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Nob Hill Shopping Center
Albuquerque, New Mexico

DirectionNob Hill Shopping Center
The Nob Hill Shopping Center is located at the corner of Central Ave. and Carlisle Blvd. in Albuquerque, NM’s Nob Hill district. Visitors will find a number of restaurants, specialty shops, and services.

History
The impact of the automobile has been the single most important factor in shaping Albuquerque’s physical, cultural, and social landscape as we see it today. Travelers going east along Albuquerque’s Central Avenue, the old Route 66, past the railroad commercial and residential districts near Huning Highlands toward Nob Hill, can see evidence of the evolution of the automobile landscape in the historic urban fabric. Approaching the University of New Mexico, one begins to see one-story commercial storefronts built shoulder to shoulder at the sidewalk’s edge forming a continuous street wall.  Continuing into Nob Hill, these neighborhoods developed around local business districts and the ability of residents and merchants to travel short distances for work and daily needs.  As one reaches the end of the district, a visible shift in the treatment of the streetscape is evident at the Nob Hill Shopping Center.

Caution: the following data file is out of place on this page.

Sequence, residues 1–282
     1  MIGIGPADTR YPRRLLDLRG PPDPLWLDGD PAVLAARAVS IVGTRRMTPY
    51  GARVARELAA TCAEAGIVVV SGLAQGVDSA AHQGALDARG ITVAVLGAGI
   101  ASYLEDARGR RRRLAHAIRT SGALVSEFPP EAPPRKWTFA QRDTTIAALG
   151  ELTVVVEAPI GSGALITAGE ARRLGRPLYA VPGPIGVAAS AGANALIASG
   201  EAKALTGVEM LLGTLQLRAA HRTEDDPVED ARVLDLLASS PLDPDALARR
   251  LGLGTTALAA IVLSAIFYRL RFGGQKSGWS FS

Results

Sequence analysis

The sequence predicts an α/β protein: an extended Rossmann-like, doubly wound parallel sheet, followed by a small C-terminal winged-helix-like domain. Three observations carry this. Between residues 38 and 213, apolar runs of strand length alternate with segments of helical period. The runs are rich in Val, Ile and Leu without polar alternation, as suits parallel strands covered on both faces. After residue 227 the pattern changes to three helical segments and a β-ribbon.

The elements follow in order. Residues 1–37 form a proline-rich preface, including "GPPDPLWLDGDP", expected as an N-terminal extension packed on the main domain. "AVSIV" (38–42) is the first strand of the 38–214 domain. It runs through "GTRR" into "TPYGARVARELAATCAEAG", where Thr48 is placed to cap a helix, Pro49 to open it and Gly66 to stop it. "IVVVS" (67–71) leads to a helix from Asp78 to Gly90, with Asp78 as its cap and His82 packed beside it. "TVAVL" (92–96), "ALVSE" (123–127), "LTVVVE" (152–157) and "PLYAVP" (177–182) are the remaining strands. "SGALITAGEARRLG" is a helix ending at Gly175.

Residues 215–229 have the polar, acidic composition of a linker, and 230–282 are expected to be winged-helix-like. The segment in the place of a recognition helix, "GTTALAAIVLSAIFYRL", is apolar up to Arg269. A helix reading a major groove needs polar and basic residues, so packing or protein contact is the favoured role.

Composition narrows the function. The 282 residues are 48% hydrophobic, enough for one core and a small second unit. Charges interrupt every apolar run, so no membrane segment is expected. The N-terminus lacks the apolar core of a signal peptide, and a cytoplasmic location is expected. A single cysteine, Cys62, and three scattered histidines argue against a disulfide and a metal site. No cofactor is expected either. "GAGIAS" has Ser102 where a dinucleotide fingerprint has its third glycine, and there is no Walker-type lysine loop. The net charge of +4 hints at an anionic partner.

In 1946, local developer DKB Sellers constructed the Nob Hill Shopping Center, New Mexico’s first drive-in shopping center, at the corner of Central Avenue and Carlisle Boulevard.  The center is organized in a U-shaped layout with an interior parking lot facing Central Avenue.  The shopping center represents a shift in the built form away from the pedestrian realm toward accommodating the increasingly prominent automobile. Mr. Sellers’ goal was to provide spaces for separately owned businesses with integrated, on-site parking in an architecturally unified building.  The Nob Hill Shopping Center was the first major investment in significant commercial infrastructure outside of downtown. Many considered the Nob Hill Shopping Center to be too far away from the city core to be successful, because it was on the eastern edge of town.  The center of town, however, was nearly filled to capacity by 1949, and the new shopping center garnered tenants such as Stomberg’s Men’s Clothing and Rhodes Supermarket.

Louis Hesselden, a man well known for his work designing many of the city’s public schools, was the shopping center's architect. The Moderne style center has white-stuccoed walls, architectural neon, decorative brick courses, bands of terra cotta tile, and large expanses of plate glass display windows. Two pairs of decorative towers rise from the four corners.

Despite threats from shopping malls and other neighborhood centers, the Nob Hill Shopping Center remains an anchor in one of the most vibrant parts of the city. It was renovated in the early 1980s. Today, the center houses restaurants, specialty shops, and services. It was listed in the National Register of Historic Places in 1994 under an exception to the 50-year criteria consideration because of its exceptional significance and condition.

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